It’s All Souls’ Day in the Philippines tomorrow, and I’m not sure I can light any candles since weekends are our busiest days here. It’s tradition to remember the dead on this day, the family gets together to visit graves of lost loved ones, and honor their memories with stories and prayers.
I never missed an opportunity to visit these two, Lolo Joe and Mama, my great-grandparents. I was their eldest great-grandchild, an honor I wear like a badge. I remember when Lolo Joe would ask me multiplication questions out of the blue and let me recite the poem Trees by Joyce Kilmer. I had to memorize that poem, because it was his favorite. I still know it by heart. I remember Mama always making me sit up straight, hold my spoon properly, and serving too much rice on my plate.
There were so many questions I wanted to ask them, so many missed chances. Mama’s mind went first, eaten by Alzheimer’s. She had no idea who I was already at the end of her life. But I should have asked Lolo Joe about the war, about how he met Mama, how life was when he was a star athlete. You see, I thought they would live forever. I thought there was still tomorrow. Then I got the call in the middle of PE class in my second year of college, he was gone. He fell asleep and never woke up. Mama went the same way a few years after, but I felt like we lost her decades before that. She didn’t even know Lolo was dead, or she didn’t realize it. She just kept asking where he was, and they’d tell her he was out walking or at a meeting, or driving, or meeting friends. She took these answers and seemed to accept them, the Alzheimer’s not letting her know any better. But there was a clear day when Uncle Ben told her the news, finally, and all she said was, “I guess I don’t have long anymore.” and until now that makes me cry. They were together for so long, had four children, I don’t know how many grandchildren and great grandchildren, and were teachers at the biggest university on the island.
Lolo was a track and field star, a PE teacher, the head of the university’s athletics department, and a World War II veteran. Mama was a folk dance expert– she wrote and published a book about it, also a PE teacher, and also became the head of the athletic’s department at one point. She was a terror teacher, but she was disciplined, and she wanted her kids (biological or otherwise) to be that way, too.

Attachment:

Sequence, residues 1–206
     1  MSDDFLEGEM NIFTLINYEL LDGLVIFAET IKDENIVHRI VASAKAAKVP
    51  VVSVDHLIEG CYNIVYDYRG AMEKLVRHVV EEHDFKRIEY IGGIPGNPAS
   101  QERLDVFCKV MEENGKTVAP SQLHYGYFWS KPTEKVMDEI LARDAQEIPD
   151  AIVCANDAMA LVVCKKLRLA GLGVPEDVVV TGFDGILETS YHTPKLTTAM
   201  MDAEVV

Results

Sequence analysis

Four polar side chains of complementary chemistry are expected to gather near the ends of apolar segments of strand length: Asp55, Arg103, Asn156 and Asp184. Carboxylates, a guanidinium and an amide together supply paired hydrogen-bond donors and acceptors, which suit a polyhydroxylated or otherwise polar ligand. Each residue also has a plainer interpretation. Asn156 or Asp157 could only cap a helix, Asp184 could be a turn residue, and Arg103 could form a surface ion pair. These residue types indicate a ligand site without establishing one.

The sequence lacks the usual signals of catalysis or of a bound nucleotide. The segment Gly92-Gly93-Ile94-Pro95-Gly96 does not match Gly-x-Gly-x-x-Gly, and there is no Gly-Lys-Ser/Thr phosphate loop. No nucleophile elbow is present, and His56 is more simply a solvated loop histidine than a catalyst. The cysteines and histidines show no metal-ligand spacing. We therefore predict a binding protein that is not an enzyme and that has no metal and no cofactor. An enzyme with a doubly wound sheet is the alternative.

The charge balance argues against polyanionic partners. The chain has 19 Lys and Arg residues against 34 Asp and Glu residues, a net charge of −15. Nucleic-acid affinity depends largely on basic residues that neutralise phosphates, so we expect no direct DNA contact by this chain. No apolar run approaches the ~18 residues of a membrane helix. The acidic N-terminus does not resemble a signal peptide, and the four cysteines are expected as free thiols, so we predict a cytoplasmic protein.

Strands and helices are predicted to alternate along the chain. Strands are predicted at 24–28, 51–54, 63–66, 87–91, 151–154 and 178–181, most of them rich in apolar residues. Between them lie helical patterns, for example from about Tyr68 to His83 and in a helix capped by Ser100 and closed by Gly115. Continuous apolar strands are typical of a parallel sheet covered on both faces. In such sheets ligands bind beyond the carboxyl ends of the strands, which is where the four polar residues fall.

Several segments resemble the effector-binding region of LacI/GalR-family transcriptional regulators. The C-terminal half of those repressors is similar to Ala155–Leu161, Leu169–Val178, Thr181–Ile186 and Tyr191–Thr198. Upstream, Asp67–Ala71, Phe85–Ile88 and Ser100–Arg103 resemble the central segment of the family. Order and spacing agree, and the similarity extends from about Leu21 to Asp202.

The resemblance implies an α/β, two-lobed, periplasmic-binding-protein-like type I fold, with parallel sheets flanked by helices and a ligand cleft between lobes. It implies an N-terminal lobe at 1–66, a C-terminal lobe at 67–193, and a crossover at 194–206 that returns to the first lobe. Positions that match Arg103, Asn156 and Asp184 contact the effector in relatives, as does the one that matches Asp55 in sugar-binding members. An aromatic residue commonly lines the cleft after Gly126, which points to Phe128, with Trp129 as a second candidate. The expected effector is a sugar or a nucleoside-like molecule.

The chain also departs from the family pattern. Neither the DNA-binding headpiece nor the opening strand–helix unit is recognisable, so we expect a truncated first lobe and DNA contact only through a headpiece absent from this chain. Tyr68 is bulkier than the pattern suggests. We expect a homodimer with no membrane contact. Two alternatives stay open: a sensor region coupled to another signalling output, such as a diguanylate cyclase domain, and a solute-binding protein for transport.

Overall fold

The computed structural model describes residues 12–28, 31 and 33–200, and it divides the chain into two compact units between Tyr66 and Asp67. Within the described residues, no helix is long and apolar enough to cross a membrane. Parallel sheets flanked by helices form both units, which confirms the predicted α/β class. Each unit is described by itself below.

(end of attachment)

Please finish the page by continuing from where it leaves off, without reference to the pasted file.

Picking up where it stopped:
What a grand life they must have led, but I’ll never know, because I never asked. I miss them very much. Sometimes, I lie awake at night and ask myself if they would be proud of me, of where I am, what I’ve become. But this is just one of the many questions I’ll never have an answer to.
This is Tito Chris. Tito is like saying Uncle in the Philippines. He’s one of the best men I have ever had the privilege of knowing. He died last year, November 14, 2018, because of bone cancer.
I visited him once in his hospital room. I couldn’t even talk to him, I was on the verge of crying every second, and he recognized me still. He asked how I was, as if it mattered, when he was the one bed ridden with the disease eating him from the inside out.
It was painful for me to watch, and I don’t even want to remember it, because I want to remember him like he was in this photo: Happy, Healthy, Alive.
I left that hospital room in tears, because I knew when I said goodbye, it was the final one.
I don’t think I ever got to process their deaths properly, or at least, I never wanted to. As if holding on to the pain of losing them makes them more alive somehow, or maybe it’s just because I’m not good at processing emotions. I tuck these away, hide them under lock and key and revisit them when they need remembering like at 2 in the morning when everything is dark and quiet, or on days like this.
I think they are the most difficult loss for me because they were all pillars of my childhood, a part of me that I have lost to the years of growing up and being in the world. So I think I mourn them, but I also mourn the version of me that they knew, that they saw, that they loved.
Does this even make sense?